I want to concentrate on the issues that education—particularly further and higher education in Scotland—has experienced and could potentially experience as a result of a hard Brexit. First, I would like to talk about the post-study work visa, especially in my capacity as chair of the all-party parliamentary group on photonics. Right across the central belt of Scotland, we have an extremely large amount of strength and expertise in photonics, but photonics and quantum technology are very sensitive to developments in the market. We are currently bringing our international students here, training them up and ensuring that they have the necessary intellectual capacity, but then sending them home to their own countries so that they can challenge or work against companies in our own constituencies. What we should be doing with these talented people is ensuring that they stay to contribute to our economies and that that intellectual property is not lost to our competitors and those who would seek to undermine those companies.
We know that international students are a huge benefit to our local economy, and they pay fees of up to £35,000 per annum. That is a massive amount of money for them, so coming here to do a course—particularly a longer course—as an international student is a huge financial investment. When it comes to their graduation, however, what do we say to their parents? We say, “Well, actually, there’s no guarantee that you can come to the graduation ceremony and go home again. So although you have paid the best part of £100,000 for your child’s education, we’re not even going to allow you to come and join in the celebration of their graduation.” That is shameful.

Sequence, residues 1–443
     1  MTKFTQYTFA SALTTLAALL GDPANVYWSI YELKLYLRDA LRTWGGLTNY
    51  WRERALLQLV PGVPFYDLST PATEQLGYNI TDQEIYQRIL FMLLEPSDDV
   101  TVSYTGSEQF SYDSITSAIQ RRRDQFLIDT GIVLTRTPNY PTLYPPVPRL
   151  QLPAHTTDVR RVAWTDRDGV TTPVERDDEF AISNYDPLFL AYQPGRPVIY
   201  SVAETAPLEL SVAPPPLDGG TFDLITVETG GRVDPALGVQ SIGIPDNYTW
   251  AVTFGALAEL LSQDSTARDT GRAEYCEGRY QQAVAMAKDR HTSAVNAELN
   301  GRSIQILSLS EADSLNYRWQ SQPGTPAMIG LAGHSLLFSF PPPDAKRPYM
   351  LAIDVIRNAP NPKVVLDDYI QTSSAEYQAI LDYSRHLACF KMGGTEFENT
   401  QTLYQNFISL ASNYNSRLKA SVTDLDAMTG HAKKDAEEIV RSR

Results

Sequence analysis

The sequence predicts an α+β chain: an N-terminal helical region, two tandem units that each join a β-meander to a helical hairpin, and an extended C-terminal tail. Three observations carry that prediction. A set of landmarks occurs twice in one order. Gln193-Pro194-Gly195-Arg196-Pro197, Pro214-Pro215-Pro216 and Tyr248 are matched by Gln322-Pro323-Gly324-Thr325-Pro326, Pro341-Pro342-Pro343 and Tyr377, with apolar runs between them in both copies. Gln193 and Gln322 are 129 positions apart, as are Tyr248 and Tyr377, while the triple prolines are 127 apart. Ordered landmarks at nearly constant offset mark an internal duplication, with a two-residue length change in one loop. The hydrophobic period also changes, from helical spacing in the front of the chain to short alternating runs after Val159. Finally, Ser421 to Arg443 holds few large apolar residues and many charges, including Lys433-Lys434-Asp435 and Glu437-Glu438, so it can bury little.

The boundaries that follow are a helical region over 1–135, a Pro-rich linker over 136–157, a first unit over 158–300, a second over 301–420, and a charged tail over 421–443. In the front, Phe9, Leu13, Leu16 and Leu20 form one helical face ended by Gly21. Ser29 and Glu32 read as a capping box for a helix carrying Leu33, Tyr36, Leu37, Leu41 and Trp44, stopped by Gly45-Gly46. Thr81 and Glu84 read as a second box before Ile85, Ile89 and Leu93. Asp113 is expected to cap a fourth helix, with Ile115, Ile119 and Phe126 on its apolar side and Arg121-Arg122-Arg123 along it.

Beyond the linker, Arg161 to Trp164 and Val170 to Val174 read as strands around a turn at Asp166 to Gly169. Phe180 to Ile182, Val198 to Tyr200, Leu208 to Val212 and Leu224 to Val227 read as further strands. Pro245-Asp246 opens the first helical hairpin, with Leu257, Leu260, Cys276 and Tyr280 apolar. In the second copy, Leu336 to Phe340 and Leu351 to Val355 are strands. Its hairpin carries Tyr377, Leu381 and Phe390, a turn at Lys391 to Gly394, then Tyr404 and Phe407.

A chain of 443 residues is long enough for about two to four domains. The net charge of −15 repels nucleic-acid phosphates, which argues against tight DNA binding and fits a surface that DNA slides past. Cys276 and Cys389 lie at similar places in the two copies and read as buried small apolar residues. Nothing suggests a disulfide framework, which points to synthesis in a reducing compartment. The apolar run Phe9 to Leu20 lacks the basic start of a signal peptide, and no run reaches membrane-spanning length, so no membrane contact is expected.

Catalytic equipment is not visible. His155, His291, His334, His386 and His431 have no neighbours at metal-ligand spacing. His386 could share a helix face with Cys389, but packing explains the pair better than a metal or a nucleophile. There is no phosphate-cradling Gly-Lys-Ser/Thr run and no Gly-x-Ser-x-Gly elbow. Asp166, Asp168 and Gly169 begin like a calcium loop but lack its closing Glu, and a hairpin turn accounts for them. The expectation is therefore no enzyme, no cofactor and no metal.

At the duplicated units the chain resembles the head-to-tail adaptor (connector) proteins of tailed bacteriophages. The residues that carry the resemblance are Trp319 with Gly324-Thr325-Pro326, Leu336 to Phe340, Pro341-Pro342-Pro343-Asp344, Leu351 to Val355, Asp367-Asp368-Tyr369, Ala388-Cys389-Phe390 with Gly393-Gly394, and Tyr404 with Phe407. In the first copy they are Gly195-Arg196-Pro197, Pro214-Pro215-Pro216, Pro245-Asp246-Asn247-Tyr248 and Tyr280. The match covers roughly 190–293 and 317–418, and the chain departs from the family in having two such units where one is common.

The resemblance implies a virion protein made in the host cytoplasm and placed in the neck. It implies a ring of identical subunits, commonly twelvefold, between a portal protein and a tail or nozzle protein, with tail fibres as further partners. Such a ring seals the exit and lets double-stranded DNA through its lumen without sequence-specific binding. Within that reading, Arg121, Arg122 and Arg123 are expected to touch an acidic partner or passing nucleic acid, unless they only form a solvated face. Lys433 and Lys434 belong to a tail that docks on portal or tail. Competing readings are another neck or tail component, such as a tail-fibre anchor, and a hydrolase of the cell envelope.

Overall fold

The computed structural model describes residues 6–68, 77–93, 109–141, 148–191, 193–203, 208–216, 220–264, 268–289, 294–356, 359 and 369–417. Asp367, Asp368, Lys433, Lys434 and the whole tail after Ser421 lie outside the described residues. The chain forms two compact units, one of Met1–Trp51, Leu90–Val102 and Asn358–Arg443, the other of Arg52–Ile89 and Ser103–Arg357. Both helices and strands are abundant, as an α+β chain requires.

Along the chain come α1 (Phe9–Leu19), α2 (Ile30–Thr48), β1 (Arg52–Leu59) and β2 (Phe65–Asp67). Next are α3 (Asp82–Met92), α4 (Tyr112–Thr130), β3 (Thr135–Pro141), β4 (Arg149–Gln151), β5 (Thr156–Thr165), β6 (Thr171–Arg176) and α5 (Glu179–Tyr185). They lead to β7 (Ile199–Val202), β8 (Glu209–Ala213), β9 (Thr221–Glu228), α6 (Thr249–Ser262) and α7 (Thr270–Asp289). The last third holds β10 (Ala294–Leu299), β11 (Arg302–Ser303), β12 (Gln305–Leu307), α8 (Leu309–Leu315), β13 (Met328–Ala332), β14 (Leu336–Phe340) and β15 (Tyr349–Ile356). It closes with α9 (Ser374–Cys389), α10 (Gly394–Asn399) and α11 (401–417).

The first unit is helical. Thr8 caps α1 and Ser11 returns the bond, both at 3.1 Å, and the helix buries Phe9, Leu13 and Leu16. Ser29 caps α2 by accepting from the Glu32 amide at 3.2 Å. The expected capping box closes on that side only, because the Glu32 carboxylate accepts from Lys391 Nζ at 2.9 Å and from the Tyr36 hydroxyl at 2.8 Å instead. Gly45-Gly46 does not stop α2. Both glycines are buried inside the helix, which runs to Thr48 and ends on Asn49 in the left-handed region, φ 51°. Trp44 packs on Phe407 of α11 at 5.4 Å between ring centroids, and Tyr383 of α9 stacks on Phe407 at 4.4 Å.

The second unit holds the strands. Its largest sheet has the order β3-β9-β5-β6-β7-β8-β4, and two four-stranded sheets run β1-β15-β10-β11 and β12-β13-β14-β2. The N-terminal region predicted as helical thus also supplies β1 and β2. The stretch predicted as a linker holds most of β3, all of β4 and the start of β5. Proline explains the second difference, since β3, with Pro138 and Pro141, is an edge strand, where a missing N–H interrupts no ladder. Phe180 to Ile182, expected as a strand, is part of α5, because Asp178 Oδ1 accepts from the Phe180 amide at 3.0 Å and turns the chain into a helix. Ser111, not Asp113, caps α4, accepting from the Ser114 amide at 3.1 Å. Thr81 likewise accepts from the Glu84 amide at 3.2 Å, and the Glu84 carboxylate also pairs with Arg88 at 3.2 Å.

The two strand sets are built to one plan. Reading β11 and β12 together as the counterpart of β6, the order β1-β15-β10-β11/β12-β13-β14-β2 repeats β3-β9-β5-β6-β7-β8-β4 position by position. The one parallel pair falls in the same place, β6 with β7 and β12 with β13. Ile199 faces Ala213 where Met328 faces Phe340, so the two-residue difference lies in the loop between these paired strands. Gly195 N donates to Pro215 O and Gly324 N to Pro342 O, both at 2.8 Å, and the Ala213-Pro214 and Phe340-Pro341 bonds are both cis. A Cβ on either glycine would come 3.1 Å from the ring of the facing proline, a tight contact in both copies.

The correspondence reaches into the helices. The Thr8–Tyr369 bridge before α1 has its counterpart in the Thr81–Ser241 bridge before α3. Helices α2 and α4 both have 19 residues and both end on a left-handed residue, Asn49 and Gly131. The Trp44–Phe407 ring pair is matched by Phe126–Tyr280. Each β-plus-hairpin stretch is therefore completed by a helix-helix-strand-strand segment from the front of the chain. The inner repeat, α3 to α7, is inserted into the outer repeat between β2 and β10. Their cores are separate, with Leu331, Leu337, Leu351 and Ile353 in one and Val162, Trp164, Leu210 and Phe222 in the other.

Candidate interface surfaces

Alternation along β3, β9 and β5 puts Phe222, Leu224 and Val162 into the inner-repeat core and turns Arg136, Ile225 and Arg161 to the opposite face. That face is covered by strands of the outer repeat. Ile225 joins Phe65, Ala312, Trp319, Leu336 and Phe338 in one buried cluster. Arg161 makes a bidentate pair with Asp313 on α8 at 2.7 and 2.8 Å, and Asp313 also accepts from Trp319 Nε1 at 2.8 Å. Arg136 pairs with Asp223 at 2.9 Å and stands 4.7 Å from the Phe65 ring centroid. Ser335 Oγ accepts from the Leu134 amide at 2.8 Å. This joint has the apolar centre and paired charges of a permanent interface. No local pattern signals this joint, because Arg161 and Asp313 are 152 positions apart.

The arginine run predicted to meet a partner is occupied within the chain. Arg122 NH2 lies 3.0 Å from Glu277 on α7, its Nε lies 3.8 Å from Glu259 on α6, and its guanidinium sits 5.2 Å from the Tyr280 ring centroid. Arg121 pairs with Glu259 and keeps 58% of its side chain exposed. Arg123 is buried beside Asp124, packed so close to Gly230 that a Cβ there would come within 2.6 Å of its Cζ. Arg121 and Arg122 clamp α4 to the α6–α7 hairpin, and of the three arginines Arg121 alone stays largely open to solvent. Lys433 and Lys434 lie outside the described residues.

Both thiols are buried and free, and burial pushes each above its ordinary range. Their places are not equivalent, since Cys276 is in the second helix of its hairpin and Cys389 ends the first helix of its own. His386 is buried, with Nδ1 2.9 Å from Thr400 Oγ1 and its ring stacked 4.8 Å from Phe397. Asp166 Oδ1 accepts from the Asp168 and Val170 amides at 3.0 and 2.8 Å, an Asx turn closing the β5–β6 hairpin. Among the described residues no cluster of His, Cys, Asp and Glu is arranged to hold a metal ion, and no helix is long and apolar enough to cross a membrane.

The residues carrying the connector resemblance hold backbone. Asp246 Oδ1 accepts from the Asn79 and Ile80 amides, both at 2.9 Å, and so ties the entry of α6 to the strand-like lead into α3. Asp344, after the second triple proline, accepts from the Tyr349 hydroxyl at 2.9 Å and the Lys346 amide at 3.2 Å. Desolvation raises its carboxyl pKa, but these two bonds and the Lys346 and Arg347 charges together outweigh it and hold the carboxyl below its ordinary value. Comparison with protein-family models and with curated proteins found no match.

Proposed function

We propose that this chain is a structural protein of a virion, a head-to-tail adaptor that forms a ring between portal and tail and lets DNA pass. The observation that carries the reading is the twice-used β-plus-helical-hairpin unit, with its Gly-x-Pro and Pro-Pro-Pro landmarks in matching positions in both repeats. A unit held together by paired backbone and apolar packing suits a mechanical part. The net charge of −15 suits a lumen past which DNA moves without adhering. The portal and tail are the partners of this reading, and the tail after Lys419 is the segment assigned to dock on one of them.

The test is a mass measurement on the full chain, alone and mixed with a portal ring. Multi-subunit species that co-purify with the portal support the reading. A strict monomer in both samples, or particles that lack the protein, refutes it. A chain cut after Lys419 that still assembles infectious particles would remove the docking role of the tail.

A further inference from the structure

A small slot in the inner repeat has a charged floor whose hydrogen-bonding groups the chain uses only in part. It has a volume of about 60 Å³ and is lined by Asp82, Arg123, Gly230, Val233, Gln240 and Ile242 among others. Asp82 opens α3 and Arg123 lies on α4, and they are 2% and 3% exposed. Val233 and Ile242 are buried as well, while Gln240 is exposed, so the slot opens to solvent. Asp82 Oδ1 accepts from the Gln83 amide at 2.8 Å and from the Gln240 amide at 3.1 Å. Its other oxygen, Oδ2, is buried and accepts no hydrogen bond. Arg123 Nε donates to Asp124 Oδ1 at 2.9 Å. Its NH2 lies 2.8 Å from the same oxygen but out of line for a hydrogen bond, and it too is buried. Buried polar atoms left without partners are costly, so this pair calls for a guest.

Conservative Members have talked a lot about the £30,000 salary threshold, and there have been many strong words about that this afternoon, so I urge the Members who have raised concerns about the threshold to join us in voting against it. We know that £30,000 is no indication of the skills of a particular person or of a particular sector. When the White Paper was first published, I asked a series of written questions about what was meant by low, medium and high-skilled positions. I was told that high skills equated to degree level, that medium skills equated to college level or A-level, and that low skills would describe somebody whose highest qualification was at GCSE level, or in Scotland, National 5 level. That was how the Government were designating skills, but I know many people with degrees who do not command salaries of £30,000. We also know that salaries in Scotland are significantly lower than in the south-east of England. Once again, policies are being developed that are particular to one area of the UK and do not take into account the requirements of others.